Pros and Cons of a Biological Technician Career
Biological technicians work in laboratories to research diseases, test medicines and study organisms. Check out these pros and cons to see if becoming a biological technician is right for you.
|Pros of a Biological Technician Career|
|Average growth field (Employment projected to grow 10% from 2012-2022)*|
|No licensing requirements*|
|Opportunities to work in various industries*|
|Satisfaction of improving people's lives*|
|Cons of a Biological Technician Career|
|Possible exposure to hazardous materials*|
|May require hours of standing or stooping**|
|Requires strict attention to detail**|
|Advanced computer and math skills required*|
Sources: *U.S. Bureau of Labor Statistics, **National Institutes of Health
Essential Career Info
Biological technicians can work in any industry where biological research is being performed. The largest industry employers are scientific research companies, universities, governmental departments, pharmaceutical companies and hospitals. Generally, biological technicians do not work overtime or evening hours, but sometimes you may need to check on an experiment that is completed outside of traditional working hours. Working with biological materials can be hazardous, especially if you work with certain diseases, but following standard precautions and procedures should cut down on exposure.
Salary and Job Prospects
The U.S. Bureau of Labor Statistics (BLS) reported in May 2014 that biological technicians made a median annual wage of $41,000 (www.bls.gov). Those working the pharmaceutical and medicine manufacturing industry made an average annual wage of $51,280, while those in hospitals made an average of $42,910. The BLS projected a 10% increase in employment of biological technicians from 2012-2022, which is about as fast as the average for all occupations. This increase will be mostly due to an aging population's demand for improved pharmaceuticals as well as biotechnological solutions in agriculture.
Education and Training Requirements
Although some scientific technicians can begin work with an associate's degree, biological technicians generally need a bachelor's degree to begin work in the field. You could choose a major in biology or another life science in order to learn the fundamentals of the field and to gain lab experience. After completing a bachelor's degree program, you may still require some on-the-job training, particularly if the lab in which you're employed uses equipment you haven't seen before. You would work under the supervision of a biologist and perform more complex procedures as you learn the skills specific to the laboratory.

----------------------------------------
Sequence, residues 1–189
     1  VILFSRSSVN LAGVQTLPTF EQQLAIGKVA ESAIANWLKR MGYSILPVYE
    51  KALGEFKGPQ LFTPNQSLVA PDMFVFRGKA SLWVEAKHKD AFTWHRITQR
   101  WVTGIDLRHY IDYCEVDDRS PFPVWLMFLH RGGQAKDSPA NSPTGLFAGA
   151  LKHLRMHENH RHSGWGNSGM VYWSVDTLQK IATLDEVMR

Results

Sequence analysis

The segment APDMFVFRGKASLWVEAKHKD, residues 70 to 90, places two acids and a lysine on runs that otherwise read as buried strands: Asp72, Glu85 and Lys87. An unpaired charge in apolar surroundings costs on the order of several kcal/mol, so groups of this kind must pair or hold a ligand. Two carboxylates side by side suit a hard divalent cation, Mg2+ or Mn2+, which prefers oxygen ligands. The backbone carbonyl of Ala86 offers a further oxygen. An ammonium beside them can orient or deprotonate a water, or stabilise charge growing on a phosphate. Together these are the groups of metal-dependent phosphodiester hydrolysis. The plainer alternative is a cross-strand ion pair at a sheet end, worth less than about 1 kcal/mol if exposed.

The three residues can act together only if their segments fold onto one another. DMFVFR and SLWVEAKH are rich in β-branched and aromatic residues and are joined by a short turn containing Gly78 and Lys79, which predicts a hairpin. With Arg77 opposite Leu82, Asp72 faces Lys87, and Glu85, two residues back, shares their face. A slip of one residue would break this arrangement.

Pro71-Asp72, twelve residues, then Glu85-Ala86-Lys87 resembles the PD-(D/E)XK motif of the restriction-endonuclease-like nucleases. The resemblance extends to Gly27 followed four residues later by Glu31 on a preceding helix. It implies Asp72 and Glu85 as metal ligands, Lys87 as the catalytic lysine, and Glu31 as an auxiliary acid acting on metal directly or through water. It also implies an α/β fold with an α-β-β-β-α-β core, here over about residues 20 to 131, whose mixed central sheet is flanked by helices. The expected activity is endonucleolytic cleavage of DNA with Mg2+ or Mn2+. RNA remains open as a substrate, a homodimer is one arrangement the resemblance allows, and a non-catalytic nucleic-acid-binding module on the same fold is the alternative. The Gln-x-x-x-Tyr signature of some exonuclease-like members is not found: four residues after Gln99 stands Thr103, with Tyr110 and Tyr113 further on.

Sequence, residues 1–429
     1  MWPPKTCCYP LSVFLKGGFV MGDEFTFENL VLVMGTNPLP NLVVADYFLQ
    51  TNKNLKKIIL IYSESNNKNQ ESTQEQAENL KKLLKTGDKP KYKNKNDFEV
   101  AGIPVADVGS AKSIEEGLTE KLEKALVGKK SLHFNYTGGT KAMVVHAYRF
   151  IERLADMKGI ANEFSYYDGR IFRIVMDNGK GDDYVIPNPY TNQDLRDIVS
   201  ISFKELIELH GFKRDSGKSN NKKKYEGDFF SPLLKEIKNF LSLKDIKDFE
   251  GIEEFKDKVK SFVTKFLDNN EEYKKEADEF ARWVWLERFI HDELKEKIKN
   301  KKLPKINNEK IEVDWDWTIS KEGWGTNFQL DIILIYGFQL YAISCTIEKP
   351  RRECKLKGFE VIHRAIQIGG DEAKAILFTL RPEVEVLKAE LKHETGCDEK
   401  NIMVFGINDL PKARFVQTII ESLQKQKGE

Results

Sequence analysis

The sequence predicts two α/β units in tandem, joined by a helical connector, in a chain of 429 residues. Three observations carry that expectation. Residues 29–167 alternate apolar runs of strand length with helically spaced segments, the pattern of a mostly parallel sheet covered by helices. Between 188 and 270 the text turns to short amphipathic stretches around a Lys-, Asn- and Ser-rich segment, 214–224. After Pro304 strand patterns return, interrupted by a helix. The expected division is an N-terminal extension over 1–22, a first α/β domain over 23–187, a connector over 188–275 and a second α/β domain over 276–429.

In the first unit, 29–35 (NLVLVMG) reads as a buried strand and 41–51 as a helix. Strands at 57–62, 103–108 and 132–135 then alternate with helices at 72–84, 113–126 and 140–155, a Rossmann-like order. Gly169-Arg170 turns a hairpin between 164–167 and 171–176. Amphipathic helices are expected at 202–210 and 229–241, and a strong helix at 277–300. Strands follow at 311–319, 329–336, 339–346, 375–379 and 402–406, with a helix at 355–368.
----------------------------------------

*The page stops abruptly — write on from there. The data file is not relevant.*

What Employers Are Looking for
Generally, most employers list a bachelor's degree in biology as required education. Check out these summaries of job postings open in March 2012 to get an idea of what employers are looking for:
- A lab in Kansas was looking to hire a biological technician to work in the specimen processing department on a flexible schedule. Qualifications included a bachelor's degree, data entry skills and the ability to stand for extended periods of time.
- A Pennsylvania laboratory was searching for a biological technician to work with cell cultures in the cell biology department. The posting mentioned a bachelor's degree or a combination of experience and education as qualifications.
- An animal vaccine manufacturer in Minnesota was looking for a biological technician with sterile environment experience, preferably a bachelor's degree in biology and 2-3 years of experience in a biological laboratory.
How to Stand out in the Field
Make High School Count
If you know you want to work in a biological laboratory, you should take as many math and science classes as you can during your high school curriculum. If your school offers advanced placement (AP) courses, you could enroll in those and take the AP exams. If you score well on the exams, colleges may accept your test score in place of a required introductory course. This way, you could begin more advanced college coursework earlier, and gain more lab experience and specific biological knowledge.
Get an Internship
During your college years, if you want to gain laboratory experience outside of your courses' required hours, consider participating in an internship. Whether through your university or with a private company, you could learn the basics of working in a lab and get a head start on your professional lab training.
Other Careers to Consider
If you want to work in a lab but want to work in a more direct healthcare setting, consider a career as a clinical or medical lab technician. Working to prepare and test blood, tissue and other patient specimens, clinical lab techs aid in diagnosing illness and determining treatment. Med lab techs attend 2-year training programs. The BLS reported for May 2011 that medical and clinical laboratory technicians made a median annual wage of $37,000 and predicted job growth of 15% for these technicians from 2010-2020.
If you want to work in the field of biology but would prefer not to be in a lab all day, you could become a forest or conservation technician. These workers collect data on the natural world and attempt to help humans navigate it less harmfully. You can begin work as a forest technician with a degree in a life science. The BLS reported for May 2011 that forest and conservations technicians, most of whom work for government agencies, made a median annual wage of $35,000 and could expect a decline in job openings of one percent from 2010-2020.